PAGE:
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Our goal is to develop a novel method to repair damaged axons. This method relies on acutely restoring axonal continuity rather than the traditional approach of promoting axonal regeneration.
Micro- and nanoechnological methods, in combination with focal application of electrical fields, are applied to individual and groups of axons both in vitro and in vivo.
Application of these techniques has permitted micromanipulation of axons at the cellular level and fusion of axonal membranes.
Although a great deal more work is necessary, our findings suggest that it may one day be possible to repair acutely disrupted axons by splicing their membranes back together.
Much attention and effort has been devoted to devising methods of promoting axonal regeneration over the past century and longer. It has certainly been appreciated that the regeneration of axons can and does occur over long distances in the adult mammalian peripheral nervous system and, to a much more limited extent, if at all, in the adult mammalian central nervous system (5). Refinements in experimental techniques and methodology have also shown that even when regeneration of peripheral nerves occurs, the number of axons finally reaching their original target structures is only a fraction of what it was originally, and the accuracy of reinnervation is quite degraded (3). Therefore, although axonal regeneration with recovery of function can and does occur in the peripheral nervous system of animals and patients, new methods of increasing both the quantity and specificity of regrowing axons are needed and are being actively pursued.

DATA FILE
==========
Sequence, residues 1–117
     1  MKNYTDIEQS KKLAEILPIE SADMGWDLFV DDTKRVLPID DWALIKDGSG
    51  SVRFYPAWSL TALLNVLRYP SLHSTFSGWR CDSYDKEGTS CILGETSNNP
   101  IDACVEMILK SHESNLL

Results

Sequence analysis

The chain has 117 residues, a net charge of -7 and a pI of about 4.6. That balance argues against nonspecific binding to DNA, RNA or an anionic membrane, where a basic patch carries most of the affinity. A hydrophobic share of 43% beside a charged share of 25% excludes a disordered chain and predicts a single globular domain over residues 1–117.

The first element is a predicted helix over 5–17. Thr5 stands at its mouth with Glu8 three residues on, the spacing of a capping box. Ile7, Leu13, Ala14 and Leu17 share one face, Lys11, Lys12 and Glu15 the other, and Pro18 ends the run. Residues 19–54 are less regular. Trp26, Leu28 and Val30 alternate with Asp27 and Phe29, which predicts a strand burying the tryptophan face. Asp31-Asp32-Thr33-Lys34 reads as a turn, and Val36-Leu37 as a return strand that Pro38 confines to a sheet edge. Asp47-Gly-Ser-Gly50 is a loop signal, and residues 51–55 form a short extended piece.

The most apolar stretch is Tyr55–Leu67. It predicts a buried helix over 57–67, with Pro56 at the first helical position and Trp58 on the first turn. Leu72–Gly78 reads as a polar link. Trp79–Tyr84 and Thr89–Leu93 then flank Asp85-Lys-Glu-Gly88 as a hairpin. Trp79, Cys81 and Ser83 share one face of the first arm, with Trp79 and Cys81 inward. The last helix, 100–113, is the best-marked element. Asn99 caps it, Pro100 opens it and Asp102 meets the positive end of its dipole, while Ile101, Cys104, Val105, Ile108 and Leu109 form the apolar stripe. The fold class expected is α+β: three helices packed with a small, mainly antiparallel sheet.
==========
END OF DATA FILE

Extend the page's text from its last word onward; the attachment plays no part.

The earliest report of the idea of suture repairing a damaged peripheral nerve was written by Paul von Aegina in the 7th century (6). Ironically, it was not until a millennium later that the surgical repair of a severely damaged peripheral nerve was shown to have clinical benefit (6). Only recently have advances in surgical technique been made that significantly improve clinical outcome. One such important advance, made by Dr. David Kline, was the intraoperative application of electrophysiological techniques to determine whether or not a damaged nerve segment should be resected and repaired (4). Dr. Kline and his colleagues showed that intraoperative nerve conduction studies could distinguish a neuroma in continuity with regenerating axons giving rise to a recordable nerve conduction response (axonotmetic grade of injury) from one without conducting axons and a recordable response (neurotometic grade of injury) several months after a traumatic nerve injury. This distinction is critically important, because the axonotmetic injury does not require a direct nerve repair, whereas the neurotometic injury requires surgical resection of the intraneural scar tissue impeding regeneration followed by anastomosis of the nerve with or without a graft, depending on the length of the gap. Such advances in peripheral nerve surgery have brought us to the point at which further progress that relies on recovery through axonal regeneration is likely to depend more on biological discoveries than technical innovations.